I regularly indulge in a dreadful habit.
Actually, I am a teeming mass of bad habits, but it’s best to address just one at a time so that you won’t be overwhelmed and give up on me.
This one involves picking up a book, reading through the first several chapters, and then flipping to the back to see how things turn out.
Now to my mind, this is no worse than my bookkeeping technique of estimating how much I’ve spent this month, subtracting that from what I’ve started with, and calling it good if the bank says I’ve got more money than the number I approximate.
I mentioned this to an accountant friend of mine and she gaped in horror.
Granted, I expect higher standards from an accountant (she probably uses a calculator), but it’s not as if I let the dog lick the baby’s ice cream cone or anything.
Similarly, checking out a book’s ending isn’t cheating so much as it is protecting myself from undue emotional harassment – looking ahead, planning for the future, all that positive seminar type stuff. It’s certainly not a crime that warrants a visit on the porch by a couple of deputy sheriffs and a piece of official paper.
And yet, by many people’s reaction, it’s as if I admitted to letting that baby back there eat flies out of the dog dish – while the dog snuggles in the blankie.
Look at it from my perspective: we’re talking about a 500-page book involving Roberto and Gwendolyn, and the three of us are going to be spending a lot of time together, as night after night on the sofa I allow their miserably chaotic and unrealistically audacious lives intertwine with mine.
I know that — in the process of averting nuclear meltdown in a remote South Sea Island that has been secretly taken over by vampire zombie aliens — Roberto and Gwendolyn are going to deal with some major issues, especially when Norman enters the picture (chapter 6), Gwendolyn’s dog dies (chapter 8), and somehow Roberto gets convinced that Gwendolyn and Norm were working together to bump him off when they accidentally shot the dog.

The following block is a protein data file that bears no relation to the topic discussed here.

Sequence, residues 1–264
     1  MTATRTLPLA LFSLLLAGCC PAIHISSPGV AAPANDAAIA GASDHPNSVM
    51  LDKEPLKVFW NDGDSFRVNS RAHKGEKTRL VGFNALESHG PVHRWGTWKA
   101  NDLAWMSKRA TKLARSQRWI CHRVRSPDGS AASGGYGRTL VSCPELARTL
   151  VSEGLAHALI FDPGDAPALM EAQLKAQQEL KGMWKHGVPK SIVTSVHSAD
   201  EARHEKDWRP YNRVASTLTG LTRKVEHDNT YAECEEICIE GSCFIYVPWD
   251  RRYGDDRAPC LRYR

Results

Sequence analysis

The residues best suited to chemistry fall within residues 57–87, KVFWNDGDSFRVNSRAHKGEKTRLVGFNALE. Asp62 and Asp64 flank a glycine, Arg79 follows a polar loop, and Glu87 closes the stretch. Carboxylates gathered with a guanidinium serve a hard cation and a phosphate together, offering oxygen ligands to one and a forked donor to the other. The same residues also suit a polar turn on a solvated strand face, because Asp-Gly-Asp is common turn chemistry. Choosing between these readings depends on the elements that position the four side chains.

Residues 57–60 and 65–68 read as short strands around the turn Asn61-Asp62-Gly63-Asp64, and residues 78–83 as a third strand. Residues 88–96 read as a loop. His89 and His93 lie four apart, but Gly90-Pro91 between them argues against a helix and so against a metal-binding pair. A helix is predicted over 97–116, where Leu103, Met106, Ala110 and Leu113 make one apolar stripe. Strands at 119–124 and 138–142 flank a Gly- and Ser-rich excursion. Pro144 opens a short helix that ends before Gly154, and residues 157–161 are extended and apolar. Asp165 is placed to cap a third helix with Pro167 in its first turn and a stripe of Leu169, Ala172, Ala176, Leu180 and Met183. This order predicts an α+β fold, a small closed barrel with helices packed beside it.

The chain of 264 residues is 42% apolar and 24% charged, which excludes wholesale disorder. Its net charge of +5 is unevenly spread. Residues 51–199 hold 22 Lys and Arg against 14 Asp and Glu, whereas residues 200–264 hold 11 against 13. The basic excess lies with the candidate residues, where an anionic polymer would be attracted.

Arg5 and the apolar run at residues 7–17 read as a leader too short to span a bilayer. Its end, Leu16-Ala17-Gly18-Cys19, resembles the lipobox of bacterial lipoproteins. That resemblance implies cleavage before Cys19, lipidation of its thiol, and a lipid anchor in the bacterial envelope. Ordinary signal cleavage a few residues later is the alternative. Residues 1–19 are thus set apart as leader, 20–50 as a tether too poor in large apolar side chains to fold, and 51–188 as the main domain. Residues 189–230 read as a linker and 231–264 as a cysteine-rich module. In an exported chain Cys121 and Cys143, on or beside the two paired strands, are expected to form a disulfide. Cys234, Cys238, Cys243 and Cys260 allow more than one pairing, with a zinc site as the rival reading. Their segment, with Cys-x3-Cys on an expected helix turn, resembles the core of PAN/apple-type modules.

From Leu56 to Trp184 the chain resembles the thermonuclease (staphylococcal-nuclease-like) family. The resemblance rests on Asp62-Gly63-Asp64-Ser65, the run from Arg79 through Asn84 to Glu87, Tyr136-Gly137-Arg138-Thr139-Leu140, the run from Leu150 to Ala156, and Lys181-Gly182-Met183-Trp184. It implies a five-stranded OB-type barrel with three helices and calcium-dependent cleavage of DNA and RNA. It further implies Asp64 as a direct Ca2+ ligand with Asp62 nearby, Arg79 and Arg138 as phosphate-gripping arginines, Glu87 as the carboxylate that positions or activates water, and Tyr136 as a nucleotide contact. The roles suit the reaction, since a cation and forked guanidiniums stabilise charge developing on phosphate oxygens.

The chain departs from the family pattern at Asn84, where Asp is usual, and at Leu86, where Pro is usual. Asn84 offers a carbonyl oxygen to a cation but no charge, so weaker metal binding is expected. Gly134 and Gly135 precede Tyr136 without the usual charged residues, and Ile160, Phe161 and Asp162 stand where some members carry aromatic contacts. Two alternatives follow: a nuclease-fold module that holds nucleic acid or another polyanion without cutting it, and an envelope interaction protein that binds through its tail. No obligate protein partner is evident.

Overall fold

This is all fine, actually, and no less than what I expect.
I also, however, expect for everything to tie up neatly at the end and for everyone who is supposed to be happy – namely Roberto and Gwendolyn – to truly end up blissful, together, with a new dog. I don’t care what happens to Norman.
An increasing number of writers, however, delight in stringing along the reader for 498 pages with murky promises of eventual closure, only to spend the last two pages ravaging the lives of their characters beyond repair or care, all in the name of authenticity and truth.
(I’m not sure if they’ve noticed, but vampire zombie aliens aren’t real.)
For some reason, many self-professed deep thinking intellectuals define reality as unmitigated desolation, despondency, and despair, broken up here and there by the occasional smile, sunny day, or successful birthday party.
As an English major in college, I had the unfortunate experience of having to read novels by these people. I almost switched to physics.
Now I am not naive enough to think that bad things don’t happen. Bad things happen to all of us, every single day, and for that reason I look for the total opposite in my reading pleasure.
That’s why it’s called reading “pleasure.”
And if you’ve never done it, it’s more challenging than you think to check out the last page of a novel without learning too much, especially in a mystery story.
“I can’t believe Roberto did it.”
Poor me as well. How am I going to finish this book?
“I love you, Gwendolyn.”
“I love you too, Roberto.”
Sigh. That’s all I wanted to know. God is in His heaven, and all’s right in my little world. I can go back to chapter 3 now.